Identifying reallocation money increasingly difficult

Colleges and units systemwide prepare reallocation plans to balance the budget and provide opportunities for investment.

Illustrated+by+Morgan+La+Casse

Morgan La Casse

Illustrated by Morgan La Casse

Dylan Anderson

As budget discussions ramp up, colleges and units across the University of Minnesota system are designating funds for possible reallocation. 

The University’s compact process requires different schools and non-academic units in the University system to reallocate money from their budgets to be used for investment across the five campuses. Colleges and non-academic University units are beginning to present their reallocation plans to budget officials to shore up potential budget shortfalls systemwide.

Some regents and budget officials view the compact as an added revenue stream beyond state appropriations and tuition.

“We count on this as a necessary part to balance our budget,” Julie Tonneson, the University’s budget director, said at a February Board of Regents meeting said at the meeting. “We expect our managers to find efficiencies every year.”‘

The current fiscal year’s process requires units to create plans targeting 0.6 percent and 1.2 percent of its budget. The plans are decided depending on the amount of state funding and tuition dollars.

This year, Gov. Tim Walz’s proposed budget would fund a little over a third of the University’s request.

“As we go above 1 percent, we start worrying about and having to think about the greater impact on our program’s scope, in some cases, and on quality,” Tonneson said.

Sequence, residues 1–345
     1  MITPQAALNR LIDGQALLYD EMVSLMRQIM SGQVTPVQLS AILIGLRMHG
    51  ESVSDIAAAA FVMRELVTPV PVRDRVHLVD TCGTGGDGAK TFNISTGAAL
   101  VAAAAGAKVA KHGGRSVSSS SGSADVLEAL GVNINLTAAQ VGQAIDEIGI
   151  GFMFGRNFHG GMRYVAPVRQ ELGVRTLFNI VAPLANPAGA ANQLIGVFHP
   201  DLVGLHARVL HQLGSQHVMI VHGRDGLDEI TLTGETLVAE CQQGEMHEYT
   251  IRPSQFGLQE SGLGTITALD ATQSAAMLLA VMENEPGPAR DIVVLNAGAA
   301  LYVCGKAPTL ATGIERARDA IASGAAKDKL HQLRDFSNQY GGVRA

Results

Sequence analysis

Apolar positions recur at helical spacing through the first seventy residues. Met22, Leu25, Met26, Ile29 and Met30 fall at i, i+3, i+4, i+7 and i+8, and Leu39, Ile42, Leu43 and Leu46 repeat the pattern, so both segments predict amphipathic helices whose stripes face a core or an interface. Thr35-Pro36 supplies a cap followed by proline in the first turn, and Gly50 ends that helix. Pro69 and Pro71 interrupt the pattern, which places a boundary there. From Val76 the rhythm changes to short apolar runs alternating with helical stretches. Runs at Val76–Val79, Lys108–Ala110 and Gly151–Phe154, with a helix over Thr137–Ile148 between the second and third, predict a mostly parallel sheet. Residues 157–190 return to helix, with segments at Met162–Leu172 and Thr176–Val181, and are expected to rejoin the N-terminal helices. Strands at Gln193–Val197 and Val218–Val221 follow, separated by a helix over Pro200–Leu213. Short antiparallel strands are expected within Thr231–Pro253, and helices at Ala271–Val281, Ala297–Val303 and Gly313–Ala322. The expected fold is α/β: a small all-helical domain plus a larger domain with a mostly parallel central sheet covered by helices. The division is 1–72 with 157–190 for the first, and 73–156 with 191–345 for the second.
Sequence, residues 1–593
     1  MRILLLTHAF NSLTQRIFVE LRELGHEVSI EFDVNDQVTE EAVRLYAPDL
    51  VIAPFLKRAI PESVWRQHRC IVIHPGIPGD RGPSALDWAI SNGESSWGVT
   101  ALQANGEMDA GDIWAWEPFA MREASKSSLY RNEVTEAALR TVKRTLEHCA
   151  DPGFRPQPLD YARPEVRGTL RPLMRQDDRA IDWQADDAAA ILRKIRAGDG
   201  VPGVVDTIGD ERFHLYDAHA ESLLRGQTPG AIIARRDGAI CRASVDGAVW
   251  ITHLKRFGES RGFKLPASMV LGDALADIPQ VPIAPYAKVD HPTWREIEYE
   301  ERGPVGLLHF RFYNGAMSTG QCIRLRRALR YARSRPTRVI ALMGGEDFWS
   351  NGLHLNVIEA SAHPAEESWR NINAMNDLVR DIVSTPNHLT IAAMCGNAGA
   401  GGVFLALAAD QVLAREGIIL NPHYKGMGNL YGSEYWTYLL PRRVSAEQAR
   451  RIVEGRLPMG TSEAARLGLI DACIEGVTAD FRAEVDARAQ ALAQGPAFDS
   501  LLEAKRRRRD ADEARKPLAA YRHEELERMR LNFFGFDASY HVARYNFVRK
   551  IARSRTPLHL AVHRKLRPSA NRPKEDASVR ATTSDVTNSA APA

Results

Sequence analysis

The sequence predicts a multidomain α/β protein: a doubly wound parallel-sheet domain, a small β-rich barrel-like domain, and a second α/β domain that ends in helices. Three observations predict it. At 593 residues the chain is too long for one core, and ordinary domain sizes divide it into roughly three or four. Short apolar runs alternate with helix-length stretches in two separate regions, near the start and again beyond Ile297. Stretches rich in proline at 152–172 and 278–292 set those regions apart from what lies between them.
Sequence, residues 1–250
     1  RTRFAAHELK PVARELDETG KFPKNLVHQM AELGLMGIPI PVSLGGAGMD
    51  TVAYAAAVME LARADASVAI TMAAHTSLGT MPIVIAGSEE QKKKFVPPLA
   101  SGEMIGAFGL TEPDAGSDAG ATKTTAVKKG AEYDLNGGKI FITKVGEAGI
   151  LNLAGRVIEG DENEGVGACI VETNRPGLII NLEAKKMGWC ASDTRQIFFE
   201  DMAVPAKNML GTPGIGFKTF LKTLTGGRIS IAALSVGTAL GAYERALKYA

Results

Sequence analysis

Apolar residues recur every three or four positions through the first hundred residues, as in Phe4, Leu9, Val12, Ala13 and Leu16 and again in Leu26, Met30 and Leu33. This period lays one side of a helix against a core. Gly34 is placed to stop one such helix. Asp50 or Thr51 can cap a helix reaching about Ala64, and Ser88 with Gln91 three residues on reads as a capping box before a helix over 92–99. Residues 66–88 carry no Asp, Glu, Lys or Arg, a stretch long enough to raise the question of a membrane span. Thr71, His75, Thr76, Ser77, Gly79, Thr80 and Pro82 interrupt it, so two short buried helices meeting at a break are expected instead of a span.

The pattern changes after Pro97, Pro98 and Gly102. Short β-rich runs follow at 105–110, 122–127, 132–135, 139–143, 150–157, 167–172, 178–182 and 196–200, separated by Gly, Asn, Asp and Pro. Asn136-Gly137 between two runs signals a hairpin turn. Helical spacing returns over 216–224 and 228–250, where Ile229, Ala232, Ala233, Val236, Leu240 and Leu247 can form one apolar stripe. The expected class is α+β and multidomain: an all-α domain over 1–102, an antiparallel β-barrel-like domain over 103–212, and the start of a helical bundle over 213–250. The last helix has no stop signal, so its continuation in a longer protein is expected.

For the College of Liberal Arts, which has the largest budget and the most money on the table for reallocation, the targets mean the plans would propose cuts of $1.37 million and $2.74 million. Proposed cuts won’t necessarily be reallocated, and less than half of CLA’s proposal left the college last year.

The compact process for fiscal year 2019 resulted in $22.3 million in reallocations systemwide, which made up roughly half of the year’s increased resources, according to University budget documents. More than a quarter of reallocations came from mission-related reductions, such as eliminations of faculty positions and reduction in research, education programs and outreach. 

Last fiscal year, a total of about $1.5 million was moved to the Morris and Crookston campuses as part of the budget process to address tuition shortfalls. Another $1.5 million went to the Duluth campus, and $1.8 million went to the Law School to offset financial deficits, according to University budget documents. 

The upcoming fiscal year’s process is the first after the conclusion of a six-year initiative by President Eric Kaler to reallocate $90 million in administrative spending. As state appropriations have lagged in recent years and as tuition has increased, reallocation through the compact process has been vital for balancing the University’s systemwide budget.

The Board of Regents approved tuition hikes for out-of-state students in December on the Twin Cities campus. Kaler has also discussed increases on tuition that roughly matches inflation rates for resident students on the Twin Cities. While at other campuses, Tonneson said the University has tried to keep tuition flat for “competitive reasons.” 

After a concerted push for cutting administrative spending, John Coleman, dean of CLA, said this year’s compact process proves difficult.

“If there were any low hanging fruit, it would have already been plucked from the tree,” Coleman said.

The compact process also allows academic units to identify areas of investment to further the mission of the college and provide more benefits to students.

Pointing to scholarships for rural students and an increase in mental health professionals funded by reallocation, Regent Thomas Anderson said the process helps the University prioritize.

“We’re not saving the total budget dollars, we are reallocating them to the top,” Anderson said in the meeting.